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Using type() to compare types

The function isinstance is the best-equipped to handle type checking because it supports inheritance (e.g. an instance of a derived class is an instance of a base class, too). Therefore isinstance should be used whenever type comparison is required.

Anti-pattern

The if statement below uses the pattern if type(OBJECT) is types.TYPE to compare a Rectangle object to a built-in type (ListType in this example). This is not the preferred pattern for comparing types.

import types

class Rectangle(object):
    def __init__(self, width, height):
        self.width = width
        self.height = height

r = Rectangle(3, 4)

# bad
if type(r) is types.ListType:
    print("object r is a list")

Note that the following situation will not raise the error, although it should.

import types

class Rectangle(object):
    def __init__(self, width, height):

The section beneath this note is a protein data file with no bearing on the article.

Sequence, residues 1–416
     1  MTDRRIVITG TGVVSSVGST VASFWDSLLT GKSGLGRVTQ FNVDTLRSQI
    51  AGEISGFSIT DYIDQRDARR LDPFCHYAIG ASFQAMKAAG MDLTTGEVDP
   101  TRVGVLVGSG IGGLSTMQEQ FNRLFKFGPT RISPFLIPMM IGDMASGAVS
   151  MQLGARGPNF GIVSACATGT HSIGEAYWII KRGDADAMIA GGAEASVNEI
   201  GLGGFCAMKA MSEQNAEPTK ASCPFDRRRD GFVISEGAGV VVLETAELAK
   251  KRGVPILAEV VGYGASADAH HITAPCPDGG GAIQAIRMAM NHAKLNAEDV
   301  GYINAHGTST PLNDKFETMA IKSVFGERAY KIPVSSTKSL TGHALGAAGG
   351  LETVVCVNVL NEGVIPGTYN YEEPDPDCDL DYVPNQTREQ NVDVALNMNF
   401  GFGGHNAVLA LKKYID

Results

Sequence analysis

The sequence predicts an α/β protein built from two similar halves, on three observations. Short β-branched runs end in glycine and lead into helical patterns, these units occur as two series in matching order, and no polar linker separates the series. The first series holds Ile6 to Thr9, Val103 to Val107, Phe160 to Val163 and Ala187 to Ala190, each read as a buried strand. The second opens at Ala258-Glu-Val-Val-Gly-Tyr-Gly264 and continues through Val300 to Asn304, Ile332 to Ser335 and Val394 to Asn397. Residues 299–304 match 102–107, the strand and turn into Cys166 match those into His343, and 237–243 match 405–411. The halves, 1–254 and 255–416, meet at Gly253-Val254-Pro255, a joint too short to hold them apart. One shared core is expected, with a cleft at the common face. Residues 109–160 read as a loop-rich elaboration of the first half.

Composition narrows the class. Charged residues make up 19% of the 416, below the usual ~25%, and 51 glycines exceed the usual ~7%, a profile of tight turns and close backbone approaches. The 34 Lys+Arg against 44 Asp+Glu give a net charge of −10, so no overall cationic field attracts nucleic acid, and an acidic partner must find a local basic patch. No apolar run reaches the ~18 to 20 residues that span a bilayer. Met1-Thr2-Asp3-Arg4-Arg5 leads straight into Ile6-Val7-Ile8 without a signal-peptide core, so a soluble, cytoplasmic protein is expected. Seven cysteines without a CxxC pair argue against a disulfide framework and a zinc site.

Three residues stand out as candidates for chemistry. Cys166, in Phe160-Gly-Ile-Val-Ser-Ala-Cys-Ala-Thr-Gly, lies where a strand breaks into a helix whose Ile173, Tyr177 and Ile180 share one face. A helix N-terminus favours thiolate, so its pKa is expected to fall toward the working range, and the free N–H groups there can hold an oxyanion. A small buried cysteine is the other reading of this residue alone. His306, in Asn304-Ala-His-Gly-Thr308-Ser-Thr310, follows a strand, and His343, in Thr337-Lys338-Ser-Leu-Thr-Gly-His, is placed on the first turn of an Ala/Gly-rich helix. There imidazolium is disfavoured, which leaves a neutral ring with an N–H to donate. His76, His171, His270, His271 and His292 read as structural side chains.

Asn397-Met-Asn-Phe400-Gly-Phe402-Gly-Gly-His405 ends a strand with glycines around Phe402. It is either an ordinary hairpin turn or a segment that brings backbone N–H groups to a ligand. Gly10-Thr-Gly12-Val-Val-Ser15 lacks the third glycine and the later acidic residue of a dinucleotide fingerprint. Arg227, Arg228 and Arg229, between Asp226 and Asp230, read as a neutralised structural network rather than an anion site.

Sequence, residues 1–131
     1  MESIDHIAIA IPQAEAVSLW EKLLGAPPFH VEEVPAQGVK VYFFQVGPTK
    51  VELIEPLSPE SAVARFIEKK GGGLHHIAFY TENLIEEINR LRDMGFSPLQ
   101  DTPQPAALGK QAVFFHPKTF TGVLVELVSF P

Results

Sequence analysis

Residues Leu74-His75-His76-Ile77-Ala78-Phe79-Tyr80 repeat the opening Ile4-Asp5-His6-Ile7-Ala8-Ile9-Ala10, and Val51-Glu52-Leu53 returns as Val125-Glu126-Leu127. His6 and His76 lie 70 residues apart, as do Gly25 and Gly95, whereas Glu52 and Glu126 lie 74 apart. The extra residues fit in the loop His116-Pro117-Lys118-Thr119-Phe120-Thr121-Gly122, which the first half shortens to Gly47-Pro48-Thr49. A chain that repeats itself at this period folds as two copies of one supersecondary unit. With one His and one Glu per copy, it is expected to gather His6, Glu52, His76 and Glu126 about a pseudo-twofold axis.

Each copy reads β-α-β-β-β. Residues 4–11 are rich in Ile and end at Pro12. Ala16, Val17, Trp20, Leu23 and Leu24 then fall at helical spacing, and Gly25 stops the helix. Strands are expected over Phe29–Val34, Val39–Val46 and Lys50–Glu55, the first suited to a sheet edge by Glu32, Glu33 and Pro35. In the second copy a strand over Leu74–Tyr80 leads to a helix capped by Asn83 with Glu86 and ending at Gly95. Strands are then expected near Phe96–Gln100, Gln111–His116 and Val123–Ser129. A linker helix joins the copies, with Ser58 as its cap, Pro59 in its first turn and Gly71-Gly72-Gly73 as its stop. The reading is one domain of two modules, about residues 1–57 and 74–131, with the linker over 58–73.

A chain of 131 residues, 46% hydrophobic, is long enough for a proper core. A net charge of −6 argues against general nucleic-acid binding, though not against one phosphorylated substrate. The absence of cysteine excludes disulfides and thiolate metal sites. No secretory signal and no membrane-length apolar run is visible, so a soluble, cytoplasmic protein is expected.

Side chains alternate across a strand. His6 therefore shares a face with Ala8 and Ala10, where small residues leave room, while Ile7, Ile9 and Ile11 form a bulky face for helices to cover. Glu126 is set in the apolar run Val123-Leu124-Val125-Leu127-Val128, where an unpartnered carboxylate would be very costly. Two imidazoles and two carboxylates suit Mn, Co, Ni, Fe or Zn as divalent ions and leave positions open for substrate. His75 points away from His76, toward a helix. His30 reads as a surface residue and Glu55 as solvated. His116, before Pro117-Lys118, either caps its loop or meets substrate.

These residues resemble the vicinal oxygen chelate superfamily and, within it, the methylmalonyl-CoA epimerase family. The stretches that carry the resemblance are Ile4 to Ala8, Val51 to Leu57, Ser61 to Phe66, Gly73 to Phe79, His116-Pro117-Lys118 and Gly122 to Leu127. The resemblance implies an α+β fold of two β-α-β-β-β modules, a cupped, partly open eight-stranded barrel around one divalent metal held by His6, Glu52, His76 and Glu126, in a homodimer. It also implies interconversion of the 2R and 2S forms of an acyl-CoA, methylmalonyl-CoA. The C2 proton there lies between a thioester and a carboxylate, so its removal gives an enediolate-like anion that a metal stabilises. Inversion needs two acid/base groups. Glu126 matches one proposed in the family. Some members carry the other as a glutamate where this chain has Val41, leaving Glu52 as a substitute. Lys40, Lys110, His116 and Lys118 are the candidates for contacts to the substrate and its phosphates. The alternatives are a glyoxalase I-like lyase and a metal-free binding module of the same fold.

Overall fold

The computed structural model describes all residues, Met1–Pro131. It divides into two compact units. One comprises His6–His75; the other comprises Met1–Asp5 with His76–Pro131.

self.width = width
        self.height = height

class Circle(object):
    def __init__(self, radius):
        self.radius = radius

c = Circle(2)
r = Rectangle(3, 4)

# bad
if type(r) is not type(c):
    print("object types do not match")

Best practice

Use isinstance to compare types

The preferred pattern for comparing types is the built-in function isinstance.

import types

class Rectangle(object):
    def __init__(self, width, height):
        self.width = width
        self.height = height

r = Rectangle(3, 4)

# good
if isinstance(r, types.ListType):
    print("object r is a list")

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